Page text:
GTA-Glyceryltriacetate for Canavan Disease

The recruitment status of this study is unknown because the information has not been verified recently.
Verified August 2006 by Sheba Medical Center.
Recruitment status was  Active, not recruiting
Sponsor:
Information provided by:
Sheba Medical Center
ClinicalTrials.gov Identifier:
NCT00278707
First received: January 15, 2006
Last updated: August 11, 2006
Last verified: August 2006
  Purpose

The purpose of this study is to determine whether oral supplementation of glyceryl triacetate improves the clinical prognosis of Canavan Disease.


Condition Intervention Phase
Infantile Canavan Disease
Deficiency Disease, Aspartoacylase
Drug: GTA: Glyceryltriacetate
Phase 1

Study Type: Interventional
Study Design: Allocation: Non-Randomized
Endpoint Classification: Safety/Efficacy Study
Intervention Model: Single Group Assignment
Masking: Open Label
Primary Purpose: Treatment
Official Title: Phase 1 Treatment With GTA in Two Infant With Canavan Disease

Resource links provided by NLM:


Further study details as provided by Sheba Medical Center:

Primary Outcome Measures:
  • All primary outcome will be evaluated 4 months following the initiation of treatment:
  • Neurological Status
  • Brain Imaging: MRI & MRS
  • NAA Levels in Urine
  • Ophthalmologic Examination

Estimated Enrollment: 5
Study Start Date: January 2006
Estimated Study Completion Date: July 2006
Detailed Description:

Canavan Disease is caused by a deficiency in the enzyme named Aspartoacylase (ASPA). This disease is a devastating, progressive disease with no available treatment. As a result of the ASPA deficiency, there are high levels of N-acetylaspartate (NAA) and low levels of L-aspartate and acetate.

We hypothesize that one of the functions of ASPA is to provide sufficient levels of acetate for CNS myelinization. For this reason, we offer to supplement acetate levels by the oral administration of glyceryl triacetate (GTA). Such treatment must be offered to patients before the age of 18 months, prior to the termination of CNS myelinization.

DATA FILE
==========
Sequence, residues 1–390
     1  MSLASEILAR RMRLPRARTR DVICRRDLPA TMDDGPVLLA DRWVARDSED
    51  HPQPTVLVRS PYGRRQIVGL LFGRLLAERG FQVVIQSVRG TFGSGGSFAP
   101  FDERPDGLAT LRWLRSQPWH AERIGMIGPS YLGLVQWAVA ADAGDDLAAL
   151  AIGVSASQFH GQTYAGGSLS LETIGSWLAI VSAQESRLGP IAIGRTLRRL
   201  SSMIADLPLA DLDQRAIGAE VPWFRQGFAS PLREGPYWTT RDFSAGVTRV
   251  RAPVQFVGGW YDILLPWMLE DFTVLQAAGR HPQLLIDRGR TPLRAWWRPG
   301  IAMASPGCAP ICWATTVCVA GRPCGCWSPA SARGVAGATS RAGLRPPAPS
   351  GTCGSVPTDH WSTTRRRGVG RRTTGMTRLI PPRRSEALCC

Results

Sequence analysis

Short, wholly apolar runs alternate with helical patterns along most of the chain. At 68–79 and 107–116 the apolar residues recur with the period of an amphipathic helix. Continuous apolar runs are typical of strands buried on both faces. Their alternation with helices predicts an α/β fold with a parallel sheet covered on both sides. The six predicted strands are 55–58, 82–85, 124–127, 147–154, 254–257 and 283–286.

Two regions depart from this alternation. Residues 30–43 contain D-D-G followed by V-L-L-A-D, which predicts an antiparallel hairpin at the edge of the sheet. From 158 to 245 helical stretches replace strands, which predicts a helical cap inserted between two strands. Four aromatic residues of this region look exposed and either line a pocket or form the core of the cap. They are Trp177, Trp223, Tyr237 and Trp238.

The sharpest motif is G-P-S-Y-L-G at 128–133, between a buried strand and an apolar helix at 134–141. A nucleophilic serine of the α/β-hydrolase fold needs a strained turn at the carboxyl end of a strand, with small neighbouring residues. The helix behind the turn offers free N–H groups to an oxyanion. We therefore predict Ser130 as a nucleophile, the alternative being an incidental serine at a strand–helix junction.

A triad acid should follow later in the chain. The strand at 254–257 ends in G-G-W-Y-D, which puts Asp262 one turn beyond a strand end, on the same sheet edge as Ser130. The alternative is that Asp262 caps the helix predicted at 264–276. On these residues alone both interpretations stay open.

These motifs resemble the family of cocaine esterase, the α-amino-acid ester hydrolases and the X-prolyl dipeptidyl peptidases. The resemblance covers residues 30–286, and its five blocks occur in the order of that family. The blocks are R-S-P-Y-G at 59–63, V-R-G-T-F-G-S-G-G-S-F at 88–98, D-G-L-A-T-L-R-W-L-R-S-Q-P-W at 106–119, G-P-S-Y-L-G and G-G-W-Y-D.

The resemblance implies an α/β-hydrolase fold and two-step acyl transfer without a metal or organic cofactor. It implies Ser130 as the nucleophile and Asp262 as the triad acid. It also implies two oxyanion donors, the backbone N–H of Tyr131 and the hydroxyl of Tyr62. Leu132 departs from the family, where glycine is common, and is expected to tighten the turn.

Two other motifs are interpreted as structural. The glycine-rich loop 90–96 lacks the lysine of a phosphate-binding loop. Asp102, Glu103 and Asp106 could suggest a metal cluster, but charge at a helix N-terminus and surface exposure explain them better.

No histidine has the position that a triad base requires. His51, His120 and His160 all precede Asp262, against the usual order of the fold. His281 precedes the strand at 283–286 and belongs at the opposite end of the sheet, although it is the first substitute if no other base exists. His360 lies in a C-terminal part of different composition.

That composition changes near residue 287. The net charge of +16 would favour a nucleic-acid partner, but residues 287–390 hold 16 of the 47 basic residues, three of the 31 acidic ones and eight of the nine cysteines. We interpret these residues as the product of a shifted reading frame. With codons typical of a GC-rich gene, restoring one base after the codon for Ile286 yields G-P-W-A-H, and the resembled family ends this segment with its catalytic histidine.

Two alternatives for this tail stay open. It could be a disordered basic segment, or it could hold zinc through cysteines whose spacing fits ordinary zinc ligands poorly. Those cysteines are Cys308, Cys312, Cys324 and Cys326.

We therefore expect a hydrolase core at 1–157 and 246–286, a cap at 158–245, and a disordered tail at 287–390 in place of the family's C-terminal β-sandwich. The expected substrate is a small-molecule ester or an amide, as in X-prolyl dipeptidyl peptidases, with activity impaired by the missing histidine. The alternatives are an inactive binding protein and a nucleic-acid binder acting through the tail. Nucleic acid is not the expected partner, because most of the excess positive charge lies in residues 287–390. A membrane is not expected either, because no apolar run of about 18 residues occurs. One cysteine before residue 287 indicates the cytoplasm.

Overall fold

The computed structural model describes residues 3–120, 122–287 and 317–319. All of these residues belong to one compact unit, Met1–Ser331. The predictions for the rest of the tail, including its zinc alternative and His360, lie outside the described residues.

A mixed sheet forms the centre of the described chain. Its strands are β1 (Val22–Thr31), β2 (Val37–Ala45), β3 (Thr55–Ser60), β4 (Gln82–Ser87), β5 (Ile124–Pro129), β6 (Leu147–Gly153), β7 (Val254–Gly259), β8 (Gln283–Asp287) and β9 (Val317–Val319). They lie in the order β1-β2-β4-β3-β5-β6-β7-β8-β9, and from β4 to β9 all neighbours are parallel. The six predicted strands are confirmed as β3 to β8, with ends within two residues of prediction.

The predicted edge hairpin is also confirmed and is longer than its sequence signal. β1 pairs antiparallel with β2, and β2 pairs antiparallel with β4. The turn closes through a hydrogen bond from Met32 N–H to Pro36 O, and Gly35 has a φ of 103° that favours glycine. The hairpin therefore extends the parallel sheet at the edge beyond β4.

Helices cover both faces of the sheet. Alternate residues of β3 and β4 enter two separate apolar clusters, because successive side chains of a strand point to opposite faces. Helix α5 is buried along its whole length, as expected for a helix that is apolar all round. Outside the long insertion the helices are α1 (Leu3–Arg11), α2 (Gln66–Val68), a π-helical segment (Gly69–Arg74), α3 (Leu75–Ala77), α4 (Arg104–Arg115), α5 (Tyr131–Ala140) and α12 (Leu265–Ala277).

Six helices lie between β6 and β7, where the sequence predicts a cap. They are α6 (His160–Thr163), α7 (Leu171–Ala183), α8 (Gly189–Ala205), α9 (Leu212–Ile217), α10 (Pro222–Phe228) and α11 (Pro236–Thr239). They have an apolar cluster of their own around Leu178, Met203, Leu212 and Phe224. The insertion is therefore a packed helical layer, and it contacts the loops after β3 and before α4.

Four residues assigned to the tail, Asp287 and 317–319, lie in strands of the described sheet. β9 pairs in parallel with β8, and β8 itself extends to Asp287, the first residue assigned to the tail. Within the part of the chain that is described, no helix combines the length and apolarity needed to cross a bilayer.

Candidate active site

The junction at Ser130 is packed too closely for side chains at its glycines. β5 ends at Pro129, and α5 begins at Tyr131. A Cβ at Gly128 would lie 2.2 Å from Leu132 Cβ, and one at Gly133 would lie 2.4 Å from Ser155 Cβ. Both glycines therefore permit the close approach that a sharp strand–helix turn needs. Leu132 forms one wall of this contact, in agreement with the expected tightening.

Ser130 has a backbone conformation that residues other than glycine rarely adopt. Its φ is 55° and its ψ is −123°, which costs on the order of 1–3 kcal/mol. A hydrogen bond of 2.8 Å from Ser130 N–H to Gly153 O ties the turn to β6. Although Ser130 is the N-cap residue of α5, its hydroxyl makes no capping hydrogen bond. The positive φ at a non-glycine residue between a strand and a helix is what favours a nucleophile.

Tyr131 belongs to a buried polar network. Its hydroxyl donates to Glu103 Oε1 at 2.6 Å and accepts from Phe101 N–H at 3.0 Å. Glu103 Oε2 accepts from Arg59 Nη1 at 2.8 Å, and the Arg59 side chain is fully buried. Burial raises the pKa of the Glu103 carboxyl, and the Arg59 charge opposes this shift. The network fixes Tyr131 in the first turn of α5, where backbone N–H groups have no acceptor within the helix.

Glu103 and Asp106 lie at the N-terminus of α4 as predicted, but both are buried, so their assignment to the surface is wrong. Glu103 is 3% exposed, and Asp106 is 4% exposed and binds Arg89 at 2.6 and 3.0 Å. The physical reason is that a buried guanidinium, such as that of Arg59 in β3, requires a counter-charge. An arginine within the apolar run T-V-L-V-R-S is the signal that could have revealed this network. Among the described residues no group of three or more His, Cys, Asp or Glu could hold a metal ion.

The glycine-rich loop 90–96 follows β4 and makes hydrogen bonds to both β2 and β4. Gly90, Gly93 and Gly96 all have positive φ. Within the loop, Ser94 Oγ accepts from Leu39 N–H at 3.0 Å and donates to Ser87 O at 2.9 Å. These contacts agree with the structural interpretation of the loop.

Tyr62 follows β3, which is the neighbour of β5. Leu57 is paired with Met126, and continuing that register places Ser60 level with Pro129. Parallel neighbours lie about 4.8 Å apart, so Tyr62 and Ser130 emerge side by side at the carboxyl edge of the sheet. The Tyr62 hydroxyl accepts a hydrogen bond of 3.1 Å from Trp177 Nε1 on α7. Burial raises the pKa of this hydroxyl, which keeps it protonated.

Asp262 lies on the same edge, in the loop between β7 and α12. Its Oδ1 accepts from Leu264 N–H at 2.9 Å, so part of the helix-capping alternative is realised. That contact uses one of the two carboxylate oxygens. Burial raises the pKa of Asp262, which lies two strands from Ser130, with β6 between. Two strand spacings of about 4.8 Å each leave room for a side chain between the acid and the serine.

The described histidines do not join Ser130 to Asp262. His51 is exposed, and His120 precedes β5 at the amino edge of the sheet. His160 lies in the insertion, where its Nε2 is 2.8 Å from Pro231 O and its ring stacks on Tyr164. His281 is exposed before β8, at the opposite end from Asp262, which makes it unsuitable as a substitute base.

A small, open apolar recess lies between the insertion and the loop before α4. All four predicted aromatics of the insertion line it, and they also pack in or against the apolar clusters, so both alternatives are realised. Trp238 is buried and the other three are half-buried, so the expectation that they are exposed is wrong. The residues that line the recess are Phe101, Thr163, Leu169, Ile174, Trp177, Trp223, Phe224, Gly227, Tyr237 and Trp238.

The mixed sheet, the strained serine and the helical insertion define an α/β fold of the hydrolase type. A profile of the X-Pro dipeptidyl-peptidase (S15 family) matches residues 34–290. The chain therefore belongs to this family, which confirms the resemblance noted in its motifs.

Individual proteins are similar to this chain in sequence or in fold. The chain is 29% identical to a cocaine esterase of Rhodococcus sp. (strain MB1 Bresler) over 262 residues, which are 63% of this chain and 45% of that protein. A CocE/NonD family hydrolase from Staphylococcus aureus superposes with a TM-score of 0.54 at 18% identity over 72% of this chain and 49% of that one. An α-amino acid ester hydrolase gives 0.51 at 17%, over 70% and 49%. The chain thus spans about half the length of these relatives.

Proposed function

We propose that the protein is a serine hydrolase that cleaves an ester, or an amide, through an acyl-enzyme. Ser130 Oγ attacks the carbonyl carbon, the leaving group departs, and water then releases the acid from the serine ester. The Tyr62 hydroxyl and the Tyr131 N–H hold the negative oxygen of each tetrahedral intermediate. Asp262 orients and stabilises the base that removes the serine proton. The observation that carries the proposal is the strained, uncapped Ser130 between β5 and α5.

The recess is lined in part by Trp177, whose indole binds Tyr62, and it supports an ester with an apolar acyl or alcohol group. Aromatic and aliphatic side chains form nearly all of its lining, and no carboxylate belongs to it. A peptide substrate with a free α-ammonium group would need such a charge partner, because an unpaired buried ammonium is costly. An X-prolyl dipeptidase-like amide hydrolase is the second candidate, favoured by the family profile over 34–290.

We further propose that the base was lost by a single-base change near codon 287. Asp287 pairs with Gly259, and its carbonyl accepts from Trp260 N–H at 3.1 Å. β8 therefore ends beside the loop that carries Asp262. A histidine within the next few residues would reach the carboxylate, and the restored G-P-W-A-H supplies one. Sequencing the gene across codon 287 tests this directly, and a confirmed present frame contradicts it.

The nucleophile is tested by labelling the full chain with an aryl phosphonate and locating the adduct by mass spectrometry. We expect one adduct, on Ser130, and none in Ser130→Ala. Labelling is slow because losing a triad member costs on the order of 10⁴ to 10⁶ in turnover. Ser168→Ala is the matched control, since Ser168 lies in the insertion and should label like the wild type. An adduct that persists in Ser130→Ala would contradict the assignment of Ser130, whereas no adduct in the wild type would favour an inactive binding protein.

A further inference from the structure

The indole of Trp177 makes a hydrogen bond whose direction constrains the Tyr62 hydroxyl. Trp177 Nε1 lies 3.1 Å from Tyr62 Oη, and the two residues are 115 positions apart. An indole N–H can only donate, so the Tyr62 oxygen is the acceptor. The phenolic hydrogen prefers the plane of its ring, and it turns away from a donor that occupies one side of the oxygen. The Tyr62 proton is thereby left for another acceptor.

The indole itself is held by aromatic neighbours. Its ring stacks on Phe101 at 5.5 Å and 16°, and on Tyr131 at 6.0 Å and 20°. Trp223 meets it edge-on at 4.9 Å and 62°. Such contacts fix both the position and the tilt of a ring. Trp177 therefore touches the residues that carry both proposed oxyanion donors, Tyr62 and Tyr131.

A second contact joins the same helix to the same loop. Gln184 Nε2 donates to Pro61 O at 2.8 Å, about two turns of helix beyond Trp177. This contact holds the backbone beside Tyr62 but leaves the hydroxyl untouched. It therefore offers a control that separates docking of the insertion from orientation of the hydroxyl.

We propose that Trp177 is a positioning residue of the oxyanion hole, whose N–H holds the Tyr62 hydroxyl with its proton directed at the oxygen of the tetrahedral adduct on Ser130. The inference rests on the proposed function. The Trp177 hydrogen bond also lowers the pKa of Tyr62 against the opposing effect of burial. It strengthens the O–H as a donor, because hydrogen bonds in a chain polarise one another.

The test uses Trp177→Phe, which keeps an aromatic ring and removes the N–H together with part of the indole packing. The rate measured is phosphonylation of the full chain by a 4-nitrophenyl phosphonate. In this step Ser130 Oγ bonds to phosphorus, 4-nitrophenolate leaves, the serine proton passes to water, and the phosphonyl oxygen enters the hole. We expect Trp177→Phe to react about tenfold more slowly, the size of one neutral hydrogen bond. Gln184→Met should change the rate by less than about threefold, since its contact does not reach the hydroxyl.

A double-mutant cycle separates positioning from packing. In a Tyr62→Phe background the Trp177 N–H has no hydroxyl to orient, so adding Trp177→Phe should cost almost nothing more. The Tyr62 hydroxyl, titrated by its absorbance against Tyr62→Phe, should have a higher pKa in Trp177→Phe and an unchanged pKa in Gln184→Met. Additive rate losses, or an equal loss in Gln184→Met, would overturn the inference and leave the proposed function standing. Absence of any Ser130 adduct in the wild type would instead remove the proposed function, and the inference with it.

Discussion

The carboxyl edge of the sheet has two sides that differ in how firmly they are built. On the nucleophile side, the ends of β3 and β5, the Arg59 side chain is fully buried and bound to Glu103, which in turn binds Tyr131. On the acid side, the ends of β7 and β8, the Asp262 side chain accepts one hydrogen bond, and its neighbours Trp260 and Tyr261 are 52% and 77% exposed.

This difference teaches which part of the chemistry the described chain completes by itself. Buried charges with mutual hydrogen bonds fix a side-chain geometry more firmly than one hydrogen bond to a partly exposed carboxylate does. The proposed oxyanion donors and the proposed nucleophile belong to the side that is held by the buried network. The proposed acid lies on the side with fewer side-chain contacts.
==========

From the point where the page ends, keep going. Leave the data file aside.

1. Two patients, aged less than 15 months, will receive daily doses of oral GTA
  2. The daily dose will be increased incrementally until the maintenance dose is reached. This will be done under close monitoring of the patients, including periodic blood gas sampling.
  3. GTA has not been shown to cause any known toxicity, according to the Cosmetic Ingredient Review Expert Panel (Fiume, 2003).
  Eligibility

Ages Eligible for Study:   up to 15 Months
Genders Eligible for Study:   Both
Accepts Healthy Volunteers:   No
Criteria

Inclusion Criteria:

  • Age below 15 months
  • Biochemically diagnosed with Canavan Disease

Exclusion Criteria:

  • None
  Contacts and Locations
Choosing to participate in a study is an important personal decision. Talk with your doctor and family members or friends about deciding to join a study. To learn more about this study, you or your doctor may contact the study research staff using the Contacts provided below. For general information, see Learn About Clinical Studies.

Please refer to this study by its ClinicalTrials.gov identifier: NCT00278707

Locations
Israel
Dr. Y. Anikster
Tel Aviv, Israel, 52621
Sponsors and Collaborators
Sheba Medical Center
Investigators
Principal Investigator: Yair Anikster, MD PI Director Metabolic Disease Unit
  More Information

Additional Information:
Publications:
ClinicalTrials.gov Identifier: NCT00278707     History of Changes
Other Study ID Numbers: SHEBA-05-3968-YA-CTIL
Study First Received: January 15, 2006
Last Updated: August 11, 2006
Health Authority: Israel: Israeli Health Ministry Pharmaceutical Administration

Keywords provided by Sheba Medical Center:
Canavan Disease
Aspartoacylase Deficiency
NAA
Acetate
Glyceryltriacetate

Additional relevant MeSH terms:
Canavan Disease
Deficiency Diseases
Brain Diseases
Brain Diseases, Metabolic
Brain Diseases, Metabolic, Inborn
Central Nervous System Diseases
Demyelinating Diseases
Genetic Diseases, Inborn
Hereditary Central Nervous System Demyelinating Diseases
Heredodegenerative Disorders, Nervous System
Leukoencephalopathies
Malnutrition
Metabolic Diseases
Metabolism, Inborn Errors
Nervous System Diseases
Neurodegenerative Diseases
Nutrition Disorders

ClinicalTrials.gov processed this record on October 20, 2014